Steve shook his head. “I don’t know if I can yet. Maybe tomorrow. Maybe the day after. Maybe a month from now, I can explain it, but not now.” He gingerly touched the bruised flesh around his eye. “I feel guilty. I feel hollow. I feel like a pervert who’s finally got what he’s been horny for and now has to live with himself, and I guess that’s what I am. I think about the haters on my blog who told me to grow up, and I think I finally understand them. They weren’t telling me it’s wrong to like a children’s show. They were telling me it’s wrong to like a children’s show in the wrong way.”

Mike shrugged. “Who gets to say what’s right or wrong?”

“I don’t know, Mike. Maybe nobody has to say. Maybe it just is.” He leaned on the railing and stared into the trees. “A guy can’t marry Fluttershy or raise Rainbow Dash as his daughter. If we count on ponies to give us what we don’t have, we’re bound to be disappointed. I’ve figured something out: it really is a children’s show, and the ponies live in a children’s world. People like you and me don’t belong there.”

Mike slowly shook his head. “I don’t believe that.”

“But I’m certain of it. That’s what I learned in Equestria: the ponies are innocent, but we can corrupt them.”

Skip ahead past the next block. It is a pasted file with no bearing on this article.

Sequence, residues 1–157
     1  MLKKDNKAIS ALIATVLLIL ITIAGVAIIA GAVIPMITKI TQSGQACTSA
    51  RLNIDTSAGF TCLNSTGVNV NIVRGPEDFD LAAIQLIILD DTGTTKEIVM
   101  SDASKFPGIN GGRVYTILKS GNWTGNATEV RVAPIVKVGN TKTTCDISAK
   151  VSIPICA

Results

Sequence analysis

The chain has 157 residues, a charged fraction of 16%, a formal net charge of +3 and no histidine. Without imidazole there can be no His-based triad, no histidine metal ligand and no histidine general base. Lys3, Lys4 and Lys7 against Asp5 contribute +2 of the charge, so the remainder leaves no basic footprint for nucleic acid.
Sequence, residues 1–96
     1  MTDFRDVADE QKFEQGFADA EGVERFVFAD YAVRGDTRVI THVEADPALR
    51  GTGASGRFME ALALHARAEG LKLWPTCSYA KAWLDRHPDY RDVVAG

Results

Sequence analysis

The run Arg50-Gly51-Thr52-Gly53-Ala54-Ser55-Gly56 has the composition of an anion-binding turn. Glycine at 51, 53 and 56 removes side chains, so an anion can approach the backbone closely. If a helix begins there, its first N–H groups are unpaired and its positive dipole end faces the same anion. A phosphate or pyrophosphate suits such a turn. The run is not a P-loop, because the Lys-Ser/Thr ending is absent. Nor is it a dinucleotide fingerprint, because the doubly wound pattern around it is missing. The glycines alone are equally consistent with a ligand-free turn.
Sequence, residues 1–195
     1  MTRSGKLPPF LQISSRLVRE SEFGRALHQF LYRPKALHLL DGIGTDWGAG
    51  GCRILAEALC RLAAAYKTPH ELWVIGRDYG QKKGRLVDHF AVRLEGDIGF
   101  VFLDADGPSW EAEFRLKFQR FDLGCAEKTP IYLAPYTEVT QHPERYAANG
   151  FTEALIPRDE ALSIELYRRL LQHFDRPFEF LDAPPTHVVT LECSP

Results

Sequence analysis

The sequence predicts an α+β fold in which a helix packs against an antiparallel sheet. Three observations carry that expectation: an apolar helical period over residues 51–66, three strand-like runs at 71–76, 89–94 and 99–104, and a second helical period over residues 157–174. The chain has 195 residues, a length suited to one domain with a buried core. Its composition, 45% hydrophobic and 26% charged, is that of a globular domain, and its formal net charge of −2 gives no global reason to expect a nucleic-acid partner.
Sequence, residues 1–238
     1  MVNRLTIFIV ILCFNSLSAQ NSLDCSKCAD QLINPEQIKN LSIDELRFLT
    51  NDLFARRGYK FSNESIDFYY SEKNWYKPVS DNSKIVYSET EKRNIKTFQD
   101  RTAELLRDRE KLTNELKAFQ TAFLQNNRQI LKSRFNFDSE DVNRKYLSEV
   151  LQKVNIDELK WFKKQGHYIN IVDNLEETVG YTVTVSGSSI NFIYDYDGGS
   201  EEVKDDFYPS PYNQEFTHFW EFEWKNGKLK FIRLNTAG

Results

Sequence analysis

Steve stared at his brushable, watching its mussed pink hair reflect the yellow light from the lamp overhead.

After several minutes of silence, he pulled his arm back and then, with a quick snap, threw the toy out into the darkness. Wiping his hands against each other as if removing dirt, he turned into the house, let the screen door bang shut behind him, and left Mike alone on the porch.

Even though it was late summer, the night air was cool. Steve tucked his hands into the pockets of his windbreaker as he meandered home in the dark and brooded over the time he had spent in another world.

It seemed like such a happy fantasy when he was merely watching a cartoon and imagining what it might be like to fall in love with a beautiful, kind, shy, gentle-hearted pony. Impossibly, he had spent the day with her, and all his dreams had come true.

Fluttershy’s long pink hair had been thick, fine, and soft, more like a human’s hair than like a horse’s. In silence, he had pulled a comb through it, listening to his heart thud in his ears, trying to work up the nerve.

He had paused, his stomach full of butterflies, and she had looked up at him. Gazing again at her inhuman face, he had realized that, much as he wanted this before, he wanted it no longer. He was fond of her; he wanted to be her friend. But he was not drawn to her in the way he had previously thought he was.